But as with dynamics, the chances are that in a production environment, look development, lighting and rendering will each be handled by a different team member – and possibly, using different renderers.

In such cases, you can make use of XGen’s utility nodes to map the UV surface in order to apply any material or ramp, or even an entire shading network, to your groom. This enables you to achieve a more complex look. There are a lot of nodes that you can use, but the one that will be most useful here is xgen_ptex_lookup.


A typical Ptex texture file of the type used by XGen. Ptex files are distortion-free, but not human-readable, so archive your maps in other formats as well, particularly if you will need to edit them in Photoshop.

8. Save texture maps in standard formats as well as Ptex

The underlying map lookup in XGen is based on Ptex, a texture format developed at Disney. Ptex has plenty of advantages over canonical UV mapping. The main one is that it is distortion-free, as each of a polygon’s faces are projected one by one, and mapped into a single texture file.

The disadvantage is that PTex textures are topology-dependent. Change even a single face of the mesh, and you will probably need to proceed with a transfer. If you have many maps driving your rig, this can be a pain.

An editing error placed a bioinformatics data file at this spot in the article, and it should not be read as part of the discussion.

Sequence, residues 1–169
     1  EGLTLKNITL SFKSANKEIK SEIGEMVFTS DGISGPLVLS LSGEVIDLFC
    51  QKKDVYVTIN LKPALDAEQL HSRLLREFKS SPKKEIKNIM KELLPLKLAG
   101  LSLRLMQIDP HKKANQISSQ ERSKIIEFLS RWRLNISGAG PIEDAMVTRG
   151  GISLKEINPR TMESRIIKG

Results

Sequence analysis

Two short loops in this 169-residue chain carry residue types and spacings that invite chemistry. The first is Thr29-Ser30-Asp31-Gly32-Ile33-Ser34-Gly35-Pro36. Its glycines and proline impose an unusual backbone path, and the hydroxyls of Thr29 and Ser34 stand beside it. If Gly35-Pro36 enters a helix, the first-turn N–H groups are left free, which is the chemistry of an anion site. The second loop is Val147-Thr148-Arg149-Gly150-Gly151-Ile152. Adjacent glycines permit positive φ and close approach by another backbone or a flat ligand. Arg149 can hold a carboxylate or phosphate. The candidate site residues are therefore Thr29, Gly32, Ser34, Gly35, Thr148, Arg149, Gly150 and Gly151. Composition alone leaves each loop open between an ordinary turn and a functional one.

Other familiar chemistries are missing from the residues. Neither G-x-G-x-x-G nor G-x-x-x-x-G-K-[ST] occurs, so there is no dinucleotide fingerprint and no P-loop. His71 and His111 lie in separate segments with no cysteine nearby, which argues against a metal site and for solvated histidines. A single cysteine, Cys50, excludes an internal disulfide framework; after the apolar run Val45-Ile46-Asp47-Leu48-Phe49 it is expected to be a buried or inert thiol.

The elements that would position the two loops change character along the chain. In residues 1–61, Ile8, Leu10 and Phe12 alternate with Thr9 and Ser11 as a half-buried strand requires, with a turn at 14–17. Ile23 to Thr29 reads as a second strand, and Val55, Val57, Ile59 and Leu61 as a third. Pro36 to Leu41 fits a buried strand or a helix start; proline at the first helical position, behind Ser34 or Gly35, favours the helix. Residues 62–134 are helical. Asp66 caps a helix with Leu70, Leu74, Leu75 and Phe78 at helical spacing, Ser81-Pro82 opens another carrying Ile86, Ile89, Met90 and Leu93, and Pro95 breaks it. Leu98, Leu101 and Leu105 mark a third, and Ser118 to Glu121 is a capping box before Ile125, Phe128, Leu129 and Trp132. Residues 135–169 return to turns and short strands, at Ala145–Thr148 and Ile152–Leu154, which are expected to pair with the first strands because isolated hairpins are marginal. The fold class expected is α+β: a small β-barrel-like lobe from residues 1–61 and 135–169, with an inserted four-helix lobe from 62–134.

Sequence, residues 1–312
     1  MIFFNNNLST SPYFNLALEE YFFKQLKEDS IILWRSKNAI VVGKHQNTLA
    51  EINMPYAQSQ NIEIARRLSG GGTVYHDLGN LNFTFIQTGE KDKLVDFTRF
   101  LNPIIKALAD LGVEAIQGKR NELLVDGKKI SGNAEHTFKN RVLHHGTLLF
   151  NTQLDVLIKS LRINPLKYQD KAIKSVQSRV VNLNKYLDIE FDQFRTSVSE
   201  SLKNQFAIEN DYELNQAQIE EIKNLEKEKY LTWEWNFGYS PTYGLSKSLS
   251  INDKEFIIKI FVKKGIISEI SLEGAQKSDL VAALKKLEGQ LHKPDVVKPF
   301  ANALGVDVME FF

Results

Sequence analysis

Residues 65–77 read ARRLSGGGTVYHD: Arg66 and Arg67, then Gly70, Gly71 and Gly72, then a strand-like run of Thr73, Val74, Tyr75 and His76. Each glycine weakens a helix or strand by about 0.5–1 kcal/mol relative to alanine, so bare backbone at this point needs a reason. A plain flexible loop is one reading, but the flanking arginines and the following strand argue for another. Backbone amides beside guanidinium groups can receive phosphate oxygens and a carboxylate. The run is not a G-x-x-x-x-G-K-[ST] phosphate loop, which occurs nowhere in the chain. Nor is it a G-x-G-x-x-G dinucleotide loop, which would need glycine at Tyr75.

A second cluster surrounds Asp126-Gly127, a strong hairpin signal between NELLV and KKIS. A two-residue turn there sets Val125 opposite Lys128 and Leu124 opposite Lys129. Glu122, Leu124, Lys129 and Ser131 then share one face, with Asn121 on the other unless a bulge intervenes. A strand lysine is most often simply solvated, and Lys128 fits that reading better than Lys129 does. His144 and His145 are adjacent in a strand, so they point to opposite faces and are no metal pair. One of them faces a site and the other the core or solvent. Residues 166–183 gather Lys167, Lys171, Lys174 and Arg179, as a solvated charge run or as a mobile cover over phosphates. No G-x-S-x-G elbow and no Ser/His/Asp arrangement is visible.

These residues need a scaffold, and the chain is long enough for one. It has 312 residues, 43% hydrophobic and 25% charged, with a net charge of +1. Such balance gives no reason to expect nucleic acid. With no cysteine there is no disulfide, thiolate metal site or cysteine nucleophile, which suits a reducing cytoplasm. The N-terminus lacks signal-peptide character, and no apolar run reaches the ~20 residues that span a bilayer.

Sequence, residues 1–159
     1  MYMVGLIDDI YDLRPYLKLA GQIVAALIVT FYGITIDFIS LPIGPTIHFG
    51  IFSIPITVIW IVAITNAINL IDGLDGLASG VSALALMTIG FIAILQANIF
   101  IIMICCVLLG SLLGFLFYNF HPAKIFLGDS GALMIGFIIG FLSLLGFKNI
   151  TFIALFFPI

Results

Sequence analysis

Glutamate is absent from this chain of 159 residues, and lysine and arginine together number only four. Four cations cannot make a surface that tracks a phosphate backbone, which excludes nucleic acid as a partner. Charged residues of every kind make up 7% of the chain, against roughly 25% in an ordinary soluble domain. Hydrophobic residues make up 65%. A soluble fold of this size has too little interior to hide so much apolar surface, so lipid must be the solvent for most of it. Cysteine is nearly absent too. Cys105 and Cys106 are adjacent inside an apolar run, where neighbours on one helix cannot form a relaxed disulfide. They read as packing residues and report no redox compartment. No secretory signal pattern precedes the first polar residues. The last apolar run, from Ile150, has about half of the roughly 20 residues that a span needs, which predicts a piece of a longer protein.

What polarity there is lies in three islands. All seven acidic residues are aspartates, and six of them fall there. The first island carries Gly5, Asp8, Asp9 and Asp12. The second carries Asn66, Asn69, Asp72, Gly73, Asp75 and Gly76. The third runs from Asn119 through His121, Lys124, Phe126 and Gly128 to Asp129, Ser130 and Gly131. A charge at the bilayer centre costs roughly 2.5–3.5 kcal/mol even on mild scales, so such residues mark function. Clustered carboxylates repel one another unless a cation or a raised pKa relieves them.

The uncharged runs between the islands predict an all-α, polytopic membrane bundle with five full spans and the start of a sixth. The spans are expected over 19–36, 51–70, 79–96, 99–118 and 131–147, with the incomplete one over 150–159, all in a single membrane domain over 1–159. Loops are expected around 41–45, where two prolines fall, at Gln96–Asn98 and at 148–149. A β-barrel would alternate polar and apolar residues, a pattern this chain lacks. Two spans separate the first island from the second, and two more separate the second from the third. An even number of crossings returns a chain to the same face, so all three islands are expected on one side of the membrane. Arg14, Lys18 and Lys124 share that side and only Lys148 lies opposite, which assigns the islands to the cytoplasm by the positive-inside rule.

In Maya, when you paint a map, you are actually using Maya’s own 3D paint tools on classic UV sets. When you press the Save button, Maya automatically converts the map into Ptex format. Make sure you save and archive the original, non-Ptex maps carefully. These can turn into life-savers when you need to transfer your groom.

Another thing to consider is that Ptex maps are not human-readable, since the texture patches are arranged randomly, without any spatial reference to the actual geometry. If you are going to need to edit your maps in an external application like Photoshop, having them archived in pre-Ptex format becomes even more important.


A set of trees instanced via XGen archives. You can export standard Maya geometry in a scene file as XGen archive geometry, enabling you to modify a base mesh and re-export it to create variation across instances.

9. Make good use of archives